Culture has so many levels that it pushes people to prioritize some elements as more important to the culture than others.

Culture is constantly growing, evolving and including more humans than ever. The old method of looking at culture as a set of rules has become really outdated and honestly, harmful for humans. 

Sub-Culture Communities

I have talked about culture based on regions and religions – let’s talk about sub-culture seen through the last couple of decades. Let’s take up one of the most defining moment for culture through music – the rock revolution. Many equate rock to artists like Elvis Presley, The Beatles, and Rolling Stones. Many forget that rock started through the blues.

Blues was a genre of music that originated in the black community during slavery as a way to keep morale high. And yet, some of Elvis’ most famous songs are derived from black artists and while his rendition of them cross over into pop, it was virtually impossible for a black artist to do that. After listening to the original version of many Elvis songs, I really do believe he wasn’t that great an artist, but, that is my opinion.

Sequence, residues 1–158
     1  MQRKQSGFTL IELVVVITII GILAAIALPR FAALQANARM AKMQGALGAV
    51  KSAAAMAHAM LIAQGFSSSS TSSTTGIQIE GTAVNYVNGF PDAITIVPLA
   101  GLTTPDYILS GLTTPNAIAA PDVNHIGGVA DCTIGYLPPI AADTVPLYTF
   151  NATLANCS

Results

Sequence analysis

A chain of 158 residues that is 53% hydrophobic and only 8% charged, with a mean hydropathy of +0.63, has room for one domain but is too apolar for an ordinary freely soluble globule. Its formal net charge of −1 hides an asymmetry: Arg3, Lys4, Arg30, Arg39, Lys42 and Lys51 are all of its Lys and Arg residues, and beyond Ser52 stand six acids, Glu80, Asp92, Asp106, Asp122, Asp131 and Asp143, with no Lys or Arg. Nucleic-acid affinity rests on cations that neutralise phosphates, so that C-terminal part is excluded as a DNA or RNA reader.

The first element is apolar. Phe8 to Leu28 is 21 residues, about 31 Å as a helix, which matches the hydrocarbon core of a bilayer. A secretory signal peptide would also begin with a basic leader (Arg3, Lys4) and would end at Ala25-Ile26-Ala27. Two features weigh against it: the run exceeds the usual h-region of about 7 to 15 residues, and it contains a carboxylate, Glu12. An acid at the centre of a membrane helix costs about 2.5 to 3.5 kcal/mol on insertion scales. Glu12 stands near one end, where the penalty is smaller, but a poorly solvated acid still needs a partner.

There were also other sub-cultures that make for wild stories. In the mainstream media, I believe the source of the WILDEST stories is the big screen. Be it Hollywood divorces or Bollywood scandals, the cinema probably has the world’s largest fan following. The red carpet looks to extravagant marriages (like the one between Priyanka Chopra and Joe Jonas), these events have become a new form of culture. What’s interesting is that because the followership of cinema is so large, the influence it has on everything that we do is also quite impactful. It has the power to change the direction of culture.

Poster of the movie shubh mangal zyaada savdhan

A very current example that comes to mind is Shubh Mangal Zyada Savdhan (a disconnected sequel to a classic Bollywood movie) that is displaying India’s first homosexual relationship with some A-list celebrities and trying to normalize non-traditional sexual orientation.

So what’s the point?